Meghan McCain No Longer Calls Herself A Republican, Says The GOP's Character 'Seems To Be Gone'

Meghan McCain
Meghan McCain joins host Julie Mason during a SiriusXM event on February 5, 2018, in New York City. Photo by Cindy Ord/Getty Images for SiriusXM

Meghan McCain might not call herself a Republican anymore, but that doesn't mean she's giving up her conservative views.

In a lengthy interview on CNN's The Van Jones Show, McCain discussed her political viewpoint, President Donald Trump's impact on politics and the GOP, and navigating grief following the death of her father, Arizona Senator John McCain.

McCain and Jones both recently lost their parents, and they began the interview with a talk about grief, with The View co-host saying that she is "sad every single day."

"I don't think there's anything wrong with sharing that. I have moments where I think that I just can't do anything anymore without him. And it's a weird place to be in so many different ways," McCain said, using her experience after losing her father to segue into her feelings about politics.

"As a daughter, I'm grieving and I'm sad," she said. "As an American, I hate this country without him in it. I know that sounds awful. I don't hate America, but I just hate it without his leadership. I'm very—I'm sad all the time. I'm struggling with that sadness, and I miss him in ways that I never even could have fathomed."

McCain took it a step further, telling Jones that she feels that the Republican Party has lost its character and that it isn't the political party that she grew up in because Trump has changed it so much. She also confirmed that she no longer calls herself a Republican since the party is "so tied up with being for Trump."

"I call myself conservative. I mean, I'm still a member of the Republican Party, and I still vote on the Republican ticket," McCain said. "I'm not a 'Never Trumper.' Trump didn't melt my brain. I can still see the forest for the trees, and it didn't expunge all my conservative principles out of me.... Honestly, I'm just trying to survive in a lot of different ways and politically, as well right now."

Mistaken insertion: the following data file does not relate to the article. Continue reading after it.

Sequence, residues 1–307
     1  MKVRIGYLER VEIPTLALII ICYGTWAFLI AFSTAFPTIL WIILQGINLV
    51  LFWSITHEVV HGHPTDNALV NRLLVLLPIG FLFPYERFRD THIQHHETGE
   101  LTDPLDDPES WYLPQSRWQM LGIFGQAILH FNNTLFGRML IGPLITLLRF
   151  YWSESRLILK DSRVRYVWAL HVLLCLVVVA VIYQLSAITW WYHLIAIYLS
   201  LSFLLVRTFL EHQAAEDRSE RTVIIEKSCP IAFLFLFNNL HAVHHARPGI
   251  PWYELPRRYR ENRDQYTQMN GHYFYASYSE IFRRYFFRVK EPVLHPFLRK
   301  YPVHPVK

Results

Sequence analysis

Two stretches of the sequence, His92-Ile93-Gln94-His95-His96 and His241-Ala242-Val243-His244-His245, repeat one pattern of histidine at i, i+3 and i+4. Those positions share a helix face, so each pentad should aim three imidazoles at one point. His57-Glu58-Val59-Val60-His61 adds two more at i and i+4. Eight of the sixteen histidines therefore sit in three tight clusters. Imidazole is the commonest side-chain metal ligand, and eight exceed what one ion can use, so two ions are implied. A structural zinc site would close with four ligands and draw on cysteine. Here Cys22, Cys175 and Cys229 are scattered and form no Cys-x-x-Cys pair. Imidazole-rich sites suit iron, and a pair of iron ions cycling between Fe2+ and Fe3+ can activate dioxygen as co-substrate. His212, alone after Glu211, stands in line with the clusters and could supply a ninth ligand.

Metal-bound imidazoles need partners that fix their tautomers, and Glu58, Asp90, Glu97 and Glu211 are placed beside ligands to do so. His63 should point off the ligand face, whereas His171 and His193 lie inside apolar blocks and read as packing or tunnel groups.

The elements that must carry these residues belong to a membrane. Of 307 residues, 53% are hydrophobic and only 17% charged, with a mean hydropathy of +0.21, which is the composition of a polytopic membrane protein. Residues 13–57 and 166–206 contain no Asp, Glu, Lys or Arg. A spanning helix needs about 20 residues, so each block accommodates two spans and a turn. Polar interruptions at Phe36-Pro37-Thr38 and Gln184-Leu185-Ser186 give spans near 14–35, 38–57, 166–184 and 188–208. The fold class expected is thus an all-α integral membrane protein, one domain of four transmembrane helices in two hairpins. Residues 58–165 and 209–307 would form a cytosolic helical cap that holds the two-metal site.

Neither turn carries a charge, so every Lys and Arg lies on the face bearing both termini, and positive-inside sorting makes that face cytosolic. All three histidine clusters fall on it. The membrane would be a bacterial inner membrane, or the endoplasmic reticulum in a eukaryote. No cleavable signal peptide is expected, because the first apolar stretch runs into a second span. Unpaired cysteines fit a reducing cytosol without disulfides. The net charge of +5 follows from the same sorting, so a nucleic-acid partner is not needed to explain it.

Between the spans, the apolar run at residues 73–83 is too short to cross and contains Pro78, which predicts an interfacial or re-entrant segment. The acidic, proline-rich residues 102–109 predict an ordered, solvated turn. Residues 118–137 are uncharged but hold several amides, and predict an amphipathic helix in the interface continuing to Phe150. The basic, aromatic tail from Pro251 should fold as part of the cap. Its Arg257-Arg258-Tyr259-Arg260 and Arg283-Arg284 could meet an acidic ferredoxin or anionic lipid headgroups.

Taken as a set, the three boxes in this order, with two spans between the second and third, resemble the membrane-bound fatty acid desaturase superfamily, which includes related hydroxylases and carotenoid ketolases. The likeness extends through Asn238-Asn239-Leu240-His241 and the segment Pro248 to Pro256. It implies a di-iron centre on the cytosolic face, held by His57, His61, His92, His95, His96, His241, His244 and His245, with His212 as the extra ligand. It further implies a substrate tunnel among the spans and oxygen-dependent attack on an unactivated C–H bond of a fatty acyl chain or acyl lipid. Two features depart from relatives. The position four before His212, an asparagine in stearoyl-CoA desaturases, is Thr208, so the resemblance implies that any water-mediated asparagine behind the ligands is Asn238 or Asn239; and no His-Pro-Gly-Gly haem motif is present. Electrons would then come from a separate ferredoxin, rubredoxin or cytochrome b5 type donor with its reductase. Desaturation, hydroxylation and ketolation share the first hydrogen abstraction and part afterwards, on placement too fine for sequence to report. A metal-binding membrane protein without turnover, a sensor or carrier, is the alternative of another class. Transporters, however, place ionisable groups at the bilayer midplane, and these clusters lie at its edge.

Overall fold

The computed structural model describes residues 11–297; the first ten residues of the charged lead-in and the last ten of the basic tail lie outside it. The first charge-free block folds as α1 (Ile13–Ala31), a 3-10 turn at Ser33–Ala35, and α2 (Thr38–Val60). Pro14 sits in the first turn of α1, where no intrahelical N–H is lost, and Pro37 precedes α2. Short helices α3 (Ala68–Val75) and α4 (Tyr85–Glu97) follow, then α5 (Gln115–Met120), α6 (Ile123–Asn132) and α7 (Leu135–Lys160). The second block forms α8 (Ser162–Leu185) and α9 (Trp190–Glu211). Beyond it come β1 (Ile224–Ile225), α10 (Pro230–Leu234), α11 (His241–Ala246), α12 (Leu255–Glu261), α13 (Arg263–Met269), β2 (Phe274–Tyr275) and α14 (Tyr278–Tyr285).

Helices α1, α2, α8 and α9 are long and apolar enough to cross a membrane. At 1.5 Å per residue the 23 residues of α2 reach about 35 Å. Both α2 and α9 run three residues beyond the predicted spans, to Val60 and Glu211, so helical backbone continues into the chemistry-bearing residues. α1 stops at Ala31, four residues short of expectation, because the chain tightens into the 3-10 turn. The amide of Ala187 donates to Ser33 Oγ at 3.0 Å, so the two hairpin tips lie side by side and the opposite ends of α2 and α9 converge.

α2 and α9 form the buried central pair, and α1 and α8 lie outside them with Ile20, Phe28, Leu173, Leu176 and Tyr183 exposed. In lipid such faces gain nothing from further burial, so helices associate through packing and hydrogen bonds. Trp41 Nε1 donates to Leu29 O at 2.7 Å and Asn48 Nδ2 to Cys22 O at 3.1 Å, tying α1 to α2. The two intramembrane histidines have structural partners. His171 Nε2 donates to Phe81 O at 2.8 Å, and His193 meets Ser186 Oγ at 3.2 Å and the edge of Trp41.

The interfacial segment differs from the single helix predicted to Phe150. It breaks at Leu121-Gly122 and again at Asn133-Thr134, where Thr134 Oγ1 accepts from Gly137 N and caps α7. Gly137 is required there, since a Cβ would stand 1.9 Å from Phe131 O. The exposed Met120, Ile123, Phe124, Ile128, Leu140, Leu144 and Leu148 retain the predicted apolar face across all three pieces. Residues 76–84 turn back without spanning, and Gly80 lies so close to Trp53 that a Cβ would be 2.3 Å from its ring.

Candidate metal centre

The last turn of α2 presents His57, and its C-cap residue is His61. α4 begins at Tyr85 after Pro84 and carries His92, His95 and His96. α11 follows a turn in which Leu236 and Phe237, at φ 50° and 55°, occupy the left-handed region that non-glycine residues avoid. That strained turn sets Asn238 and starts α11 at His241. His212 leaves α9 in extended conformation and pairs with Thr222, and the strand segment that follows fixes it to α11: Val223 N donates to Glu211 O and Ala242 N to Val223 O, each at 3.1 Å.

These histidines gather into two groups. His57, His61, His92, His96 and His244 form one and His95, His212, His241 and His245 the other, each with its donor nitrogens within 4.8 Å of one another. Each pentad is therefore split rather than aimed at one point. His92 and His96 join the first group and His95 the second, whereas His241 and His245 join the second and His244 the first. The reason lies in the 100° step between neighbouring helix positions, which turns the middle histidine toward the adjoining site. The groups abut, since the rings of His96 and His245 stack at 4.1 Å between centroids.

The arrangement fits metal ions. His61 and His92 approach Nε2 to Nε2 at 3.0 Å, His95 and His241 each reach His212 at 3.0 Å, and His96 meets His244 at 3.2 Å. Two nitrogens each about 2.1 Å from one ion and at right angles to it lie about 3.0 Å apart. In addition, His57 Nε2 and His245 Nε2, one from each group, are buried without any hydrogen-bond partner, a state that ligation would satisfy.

McCain has been vocal on numerous occasions about her opinions on Trump, his policies and how the president has changed the landscape of American politics. She even repurposed Trump's campaign slogan "Make America Great Again" during her father's eulogy in September 2018, saying, "The America of John McCain has no need to be made great again, because America was always great."

Despite McCain's disapproval of Trump, she has maintained her defense of the GOP and conservative values on The View, including defending the party when her fellow co-hosts asked if those wanting border security, or a border wall, were racist.

"I think this is the problem with identity politics in this country. When you broad-stroke everyone—all black people think one thing, all Hispanics think one thing, all Republicans think one thing—that's how we got ourselves into this mess, and I'm one of the people who would like to help pull ourselves out of it," McCain said during the show.

McCain also defended Trump supporters after conservative commentator Tara Setmayer said that Trump and his supporters were a "cult."

During the interview, Jones played a clip for McCain of former presidential candidate Bob Doyle during the 1996 Republican National Convention.

"If there is anyone who has mistakenly attached themselves to our party in the belief that we are not open to citizens of every race and religion, then let me remind you...tonight this hall belongs to the party of [Abraham] Lincoln, and the exits, which are clearly marked, are for you to walk out of as I stand this ground without compromise," Dole said.

In response to the clip, McCain said that she felt it was harder to stand her ground because Republicans who don't support Trump are outnumbered by those who do.

"I think over 80-something percent of Republicans support President Trump, and maybe they are doing it because they don't have another option, but I think the populous Trump brand really has taken over," McCain said. "Which is why there's this sort of no-man's-land that I'm in."